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Language itself is culture, not science. Grammar is a science because there are established rules and constructions; however, it is not an exact science as there are too many variables, and the rules even change at times.
I agree that there are a lot of reasons to study language. A would also say that there are many different approaches to be taken i the study of language. As mentioned above there is more than one definition of language. I think for educators it is important to understand the development of language skills in children and to understand the difficulty that can occur when these language skills are not acquired.
In addition to all the great points that have been made, I'd like to bring up how language is closely linked to culture. Different languages, dialects, and even accents have links to traditions, cultural identity, and even power relationships. These are things that cultural anthropologists, sociologists, and psychologists all track as they study the ways that human beings interact with one another.
Also, depending on your definition of "language," the term may also encompass methods of animal communication. Granted, animals don't create sign-based language forms like our own systems of words or characters, but there is evidence of sophisticated communication between members of animal groups in species like dolphins, whales, elephants, chimpanzees, and even bees! Here's where biology and linguistics intersect--100% science, and 100% fascinating!
We can study language and syntax and see that there are prescriptive "rules" about sentence structure, parts of speech, spelling, subject-verb-pronoun agreement that are pure fact. Science tends to have a factual or rule basis to it, and a study of some components of language shares that same quality.
Language is a communication tool that is developed in humans through the intervention of both nature and nurture. This being said, the part of language acquisition that is occurs through nature consists on a number of specific processes that are age-related and dependant on the developmental acumen of the individual.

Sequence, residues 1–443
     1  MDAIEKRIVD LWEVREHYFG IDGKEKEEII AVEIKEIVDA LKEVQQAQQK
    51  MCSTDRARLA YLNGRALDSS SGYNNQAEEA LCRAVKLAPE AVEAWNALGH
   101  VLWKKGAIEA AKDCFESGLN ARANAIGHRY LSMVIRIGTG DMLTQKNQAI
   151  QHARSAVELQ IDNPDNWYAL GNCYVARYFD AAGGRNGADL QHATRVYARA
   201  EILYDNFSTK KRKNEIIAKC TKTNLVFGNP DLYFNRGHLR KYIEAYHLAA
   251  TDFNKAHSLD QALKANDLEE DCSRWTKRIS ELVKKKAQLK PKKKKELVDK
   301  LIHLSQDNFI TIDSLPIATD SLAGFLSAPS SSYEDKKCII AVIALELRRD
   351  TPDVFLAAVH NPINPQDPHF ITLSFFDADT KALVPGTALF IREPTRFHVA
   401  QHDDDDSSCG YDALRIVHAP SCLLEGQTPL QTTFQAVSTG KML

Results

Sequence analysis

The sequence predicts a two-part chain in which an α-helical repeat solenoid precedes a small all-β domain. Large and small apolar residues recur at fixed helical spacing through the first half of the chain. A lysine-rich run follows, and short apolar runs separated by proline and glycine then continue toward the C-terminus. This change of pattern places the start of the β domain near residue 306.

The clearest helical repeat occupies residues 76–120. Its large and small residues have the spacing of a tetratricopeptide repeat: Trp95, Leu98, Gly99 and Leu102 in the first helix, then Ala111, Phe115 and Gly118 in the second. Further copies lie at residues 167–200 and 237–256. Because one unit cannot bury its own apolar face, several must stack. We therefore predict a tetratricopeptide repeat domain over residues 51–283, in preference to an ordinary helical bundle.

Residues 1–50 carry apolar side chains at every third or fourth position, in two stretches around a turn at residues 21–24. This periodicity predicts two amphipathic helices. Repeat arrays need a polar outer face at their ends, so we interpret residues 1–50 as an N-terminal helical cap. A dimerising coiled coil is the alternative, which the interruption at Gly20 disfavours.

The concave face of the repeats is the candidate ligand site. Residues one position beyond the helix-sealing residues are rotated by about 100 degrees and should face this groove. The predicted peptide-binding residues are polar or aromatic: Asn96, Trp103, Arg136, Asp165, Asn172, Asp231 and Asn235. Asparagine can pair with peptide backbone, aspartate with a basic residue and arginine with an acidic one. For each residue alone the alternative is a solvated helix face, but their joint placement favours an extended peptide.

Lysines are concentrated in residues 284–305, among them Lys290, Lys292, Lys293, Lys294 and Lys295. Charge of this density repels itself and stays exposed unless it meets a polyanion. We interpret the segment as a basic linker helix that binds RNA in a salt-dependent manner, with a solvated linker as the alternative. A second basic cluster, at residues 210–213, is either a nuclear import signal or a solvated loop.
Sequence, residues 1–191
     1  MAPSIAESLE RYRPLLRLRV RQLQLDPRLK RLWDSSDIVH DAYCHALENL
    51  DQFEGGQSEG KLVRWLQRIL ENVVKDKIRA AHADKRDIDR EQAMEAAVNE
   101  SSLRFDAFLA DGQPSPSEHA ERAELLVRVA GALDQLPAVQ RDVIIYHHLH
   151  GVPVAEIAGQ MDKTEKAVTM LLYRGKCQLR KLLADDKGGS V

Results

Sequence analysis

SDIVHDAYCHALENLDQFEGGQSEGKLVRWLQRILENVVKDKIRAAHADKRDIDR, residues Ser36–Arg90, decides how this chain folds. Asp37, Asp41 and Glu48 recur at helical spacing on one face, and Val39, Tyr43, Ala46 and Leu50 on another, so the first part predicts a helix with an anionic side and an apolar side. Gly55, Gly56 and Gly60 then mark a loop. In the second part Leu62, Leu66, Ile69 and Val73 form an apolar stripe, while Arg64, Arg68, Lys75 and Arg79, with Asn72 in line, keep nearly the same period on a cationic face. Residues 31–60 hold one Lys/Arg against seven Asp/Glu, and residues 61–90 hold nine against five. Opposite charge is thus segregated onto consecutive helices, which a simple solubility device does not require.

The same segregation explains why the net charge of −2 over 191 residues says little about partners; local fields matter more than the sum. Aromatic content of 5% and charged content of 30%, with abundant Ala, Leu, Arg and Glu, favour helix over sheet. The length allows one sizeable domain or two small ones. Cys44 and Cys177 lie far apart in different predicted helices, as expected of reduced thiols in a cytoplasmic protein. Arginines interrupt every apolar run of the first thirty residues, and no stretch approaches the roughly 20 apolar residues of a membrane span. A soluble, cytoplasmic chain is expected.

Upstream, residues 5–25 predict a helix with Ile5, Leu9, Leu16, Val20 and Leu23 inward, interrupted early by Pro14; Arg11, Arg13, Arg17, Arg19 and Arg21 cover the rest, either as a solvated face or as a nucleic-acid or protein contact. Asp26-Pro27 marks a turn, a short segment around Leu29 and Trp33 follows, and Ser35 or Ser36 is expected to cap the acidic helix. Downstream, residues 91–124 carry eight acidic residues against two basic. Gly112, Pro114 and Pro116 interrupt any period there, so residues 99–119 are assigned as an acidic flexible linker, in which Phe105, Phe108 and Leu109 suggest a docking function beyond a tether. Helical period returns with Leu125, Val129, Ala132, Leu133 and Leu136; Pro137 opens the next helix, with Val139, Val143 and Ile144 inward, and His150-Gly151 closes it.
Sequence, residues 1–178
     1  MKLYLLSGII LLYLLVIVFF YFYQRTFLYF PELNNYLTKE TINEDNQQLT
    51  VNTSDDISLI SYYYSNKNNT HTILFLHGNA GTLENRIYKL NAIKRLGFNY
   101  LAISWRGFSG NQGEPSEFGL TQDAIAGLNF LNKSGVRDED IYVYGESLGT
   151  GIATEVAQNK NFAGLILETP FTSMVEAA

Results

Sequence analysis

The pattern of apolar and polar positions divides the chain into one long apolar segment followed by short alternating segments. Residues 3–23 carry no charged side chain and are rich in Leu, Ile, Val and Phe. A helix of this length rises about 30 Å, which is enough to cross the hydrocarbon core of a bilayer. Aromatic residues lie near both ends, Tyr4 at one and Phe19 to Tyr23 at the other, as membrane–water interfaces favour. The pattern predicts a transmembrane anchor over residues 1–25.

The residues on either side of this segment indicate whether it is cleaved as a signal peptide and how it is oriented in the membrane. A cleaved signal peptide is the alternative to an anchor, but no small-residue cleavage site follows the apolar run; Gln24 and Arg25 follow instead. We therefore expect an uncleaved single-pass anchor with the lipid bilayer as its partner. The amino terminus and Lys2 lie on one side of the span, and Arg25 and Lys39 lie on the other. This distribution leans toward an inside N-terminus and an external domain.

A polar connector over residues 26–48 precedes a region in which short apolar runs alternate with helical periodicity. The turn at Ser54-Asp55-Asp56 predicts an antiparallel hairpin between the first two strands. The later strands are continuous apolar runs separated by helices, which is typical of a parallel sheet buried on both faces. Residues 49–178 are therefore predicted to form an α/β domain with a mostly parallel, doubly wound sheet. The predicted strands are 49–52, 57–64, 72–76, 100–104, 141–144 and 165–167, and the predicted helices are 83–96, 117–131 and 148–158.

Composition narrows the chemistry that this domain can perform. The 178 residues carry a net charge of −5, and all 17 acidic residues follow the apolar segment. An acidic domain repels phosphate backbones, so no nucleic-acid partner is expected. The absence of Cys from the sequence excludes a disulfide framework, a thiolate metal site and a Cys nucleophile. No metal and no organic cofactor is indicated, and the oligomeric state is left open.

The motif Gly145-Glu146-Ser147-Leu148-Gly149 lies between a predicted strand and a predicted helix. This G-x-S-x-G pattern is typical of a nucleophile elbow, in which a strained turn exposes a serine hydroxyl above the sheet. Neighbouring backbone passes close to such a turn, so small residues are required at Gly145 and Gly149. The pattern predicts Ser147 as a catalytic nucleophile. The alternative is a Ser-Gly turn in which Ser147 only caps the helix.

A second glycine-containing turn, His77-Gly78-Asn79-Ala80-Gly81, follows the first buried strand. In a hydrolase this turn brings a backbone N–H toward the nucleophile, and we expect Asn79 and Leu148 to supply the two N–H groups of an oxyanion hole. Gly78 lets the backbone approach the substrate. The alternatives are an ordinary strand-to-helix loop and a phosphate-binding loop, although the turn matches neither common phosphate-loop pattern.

It is also a highly-cognitive process that can be measured quantitatively through psychometric testing, and analyzed qualitatively through psychology. Therefore, the social component of language acquisition certainly aids the process, but it is the biological nature of the activity that takes place as it occurs calls for the inclusion of different fields of science to explain how exactly it happens.
Language is a science because there are prescriptive (formal) elements, as well as informal elements that must be considered. Like science, the study of language is based on facts, data, and statistics. Regions also affect the use and development of language and language systems. Language is objective not subjective, and all of this supports studying language as a science.
To some extent it is a science because there are scientific ways to describe the parts of language. There are, for example scientific terms for the various sounds that can be made by human vocal structures. The ways in which the sounds used in words change over time can also be studied scientifically -- we can see that languages tend, for example, to drop certain sounds off the endings of words over time. In ways like this, various components of language and the change in those components can be studied in objective ways. This makes the study of linguistics a science.
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